Hi, folks! Today, I’m continuing with a new, unique series of posts. In the coming weeks, I’m going to be interviewing myself using pre-written questions from other blog sites, like these ones via BookFox.
It’s going to be a lot of fun, and a great way for me to reveal a little bit more about myself, my writing and my habits. Are you ready? Good – let’s get started.
What was your hardest scene to write?
The final scene in No Rest for the Wicked, I guess. I had to rewrite the ending a bunch of times to make sure that I got it right, but I was pretty happy with the end result.
Do you Google yourself?
Sometimes, when I’m looking for something to send a link somewhere. I don’t need to do it for reputation management because I have Google Alerts set up in my name, so I get an email every time a new piece goes online.
What one thing would you give up to become a better writer?
Time. That’s just how it works.
What are your favorite literary journals?
I don’t read many of them on a regular basis – although I tend to dip in and out of a bunch of different ones – but I’d recommend Streetcake and Lunar magazines.
What is your favorite childhood book?
Northern Lights by Philip Pullman – it’s also my favourite book in general. It’s the book that got me seriously into reading in the first place.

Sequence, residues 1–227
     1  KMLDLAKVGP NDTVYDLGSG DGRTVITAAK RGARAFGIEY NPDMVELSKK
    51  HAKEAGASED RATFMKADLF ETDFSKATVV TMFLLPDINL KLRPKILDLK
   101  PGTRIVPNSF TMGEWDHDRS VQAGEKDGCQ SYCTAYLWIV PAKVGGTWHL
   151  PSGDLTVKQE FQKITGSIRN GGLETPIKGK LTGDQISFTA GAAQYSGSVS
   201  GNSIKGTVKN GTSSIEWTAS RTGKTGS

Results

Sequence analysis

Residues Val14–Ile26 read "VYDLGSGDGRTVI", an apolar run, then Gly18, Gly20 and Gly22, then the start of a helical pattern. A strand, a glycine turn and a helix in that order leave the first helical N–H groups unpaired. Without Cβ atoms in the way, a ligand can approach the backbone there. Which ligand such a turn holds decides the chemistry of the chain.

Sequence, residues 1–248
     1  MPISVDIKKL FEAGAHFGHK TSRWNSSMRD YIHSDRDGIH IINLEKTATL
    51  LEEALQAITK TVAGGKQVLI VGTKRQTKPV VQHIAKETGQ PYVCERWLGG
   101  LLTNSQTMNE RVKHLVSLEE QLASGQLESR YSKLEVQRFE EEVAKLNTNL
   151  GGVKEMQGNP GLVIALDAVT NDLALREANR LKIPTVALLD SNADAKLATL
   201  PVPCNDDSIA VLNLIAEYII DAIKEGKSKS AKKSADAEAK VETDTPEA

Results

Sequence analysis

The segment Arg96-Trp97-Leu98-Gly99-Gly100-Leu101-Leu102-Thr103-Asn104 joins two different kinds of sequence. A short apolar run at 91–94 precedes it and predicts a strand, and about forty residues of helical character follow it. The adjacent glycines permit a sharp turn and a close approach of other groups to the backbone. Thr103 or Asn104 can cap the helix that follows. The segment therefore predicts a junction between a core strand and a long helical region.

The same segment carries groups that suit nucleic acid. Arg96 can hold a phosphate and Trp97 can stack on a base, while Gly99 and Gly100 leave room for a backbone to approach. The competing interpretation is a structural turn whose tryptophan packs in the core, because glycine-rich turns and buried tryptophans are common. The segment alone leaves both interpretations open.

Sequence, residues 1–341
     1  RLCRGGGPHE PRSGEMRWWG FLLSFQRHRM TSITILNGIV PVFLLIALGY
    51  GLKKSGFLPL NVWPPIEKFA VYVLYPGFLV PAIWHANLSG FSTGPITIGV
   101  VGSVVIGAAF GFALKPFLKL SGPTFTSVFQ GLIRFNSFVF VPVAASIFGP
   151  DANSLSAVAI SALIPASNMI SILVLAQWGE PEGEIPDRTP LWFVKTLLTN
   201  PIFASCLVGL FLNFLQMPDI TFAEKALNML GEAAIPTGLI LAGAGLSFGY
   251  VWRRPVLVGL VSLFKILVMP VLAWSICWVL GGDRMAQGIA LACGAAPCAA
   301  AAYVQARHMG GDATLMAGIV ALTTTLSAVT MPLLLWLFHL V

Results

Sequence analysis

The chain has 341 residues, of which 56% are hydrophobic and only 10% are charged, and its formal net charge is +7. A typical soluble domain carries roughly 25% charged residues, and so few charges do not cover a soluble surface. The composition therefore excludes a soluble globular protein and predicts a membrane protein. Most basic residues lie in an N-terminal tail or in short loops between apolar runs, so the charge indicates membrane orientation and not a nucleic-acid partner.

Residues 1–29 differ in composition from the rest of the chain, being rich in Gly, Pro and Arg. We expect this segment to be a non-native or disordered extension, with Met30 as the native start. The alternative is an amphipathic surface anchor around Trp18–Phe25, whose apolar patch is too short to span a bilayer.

What is the most difficult part of your artistic process?
I guess it’s the editing process – it’s not necessarily difficult, but it is very time consuming. And time is at a premium when you’re an author.
Does your family support your career as a writer?
As much as they can – they tend to buy and read my books when they come out.
If you had to do something differently as a child or teenager to become a better writer as an adult, what would you do?
I guess I’d just spend more time reading and writing and less time messing around and playing computer games.
How long on average does it take you to write a book?
That’s a very difficult one to answer. But at the moment, I’m cranking a first draft out every three months or so.
Do you believe in writer’s block?
I guess, although it’s never happened to me. Everyone’s experience of writing is different, and so I’m not going to say that it either exists or it doesn’t based solely on my own experience.
So there we have it – that’s the latest instalment of Interview Yourself over and done with! Thanks, as always, for reading, and be sure to keep your browser pointed to DaneCobain.com. You can also sign up to my mailing list, follow me on Facebook and Twitter or check out my books for further info. I’ll see you soon!